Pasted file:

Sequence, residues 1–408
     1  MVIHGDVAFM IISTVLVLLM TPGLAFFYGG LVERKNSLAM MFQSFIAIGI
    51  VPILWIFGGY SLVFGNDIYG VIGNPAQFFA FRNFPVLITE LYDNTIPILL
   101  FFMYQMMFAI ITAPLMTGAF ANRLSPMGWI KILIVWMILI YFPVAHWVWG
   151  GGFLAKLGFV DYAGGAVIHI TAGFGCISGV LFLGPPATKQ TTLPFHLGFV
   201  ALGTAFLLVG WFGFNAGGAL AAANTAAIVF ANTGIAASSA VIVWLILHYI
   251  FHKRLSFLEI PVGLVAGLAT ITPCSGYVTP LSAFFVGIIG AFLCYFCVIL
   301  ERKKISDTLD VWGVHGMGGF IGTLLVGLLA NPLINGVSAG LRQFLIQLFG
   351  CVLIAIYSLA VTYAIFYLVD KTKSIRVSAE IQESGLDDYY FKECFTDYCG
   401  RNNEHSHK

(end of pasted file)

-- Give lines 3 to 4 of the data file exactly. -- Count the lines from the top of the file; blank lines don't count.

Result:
    51  VPILWIFGGY SLVFGNDIYG VIGNPAQFFA FRNFPVLITE LYDNTIPILL
   101  FFMYQMMFAI ITAPLMTGAF ANRLSPMGWI KILIVWMILI YFPVAHWVWG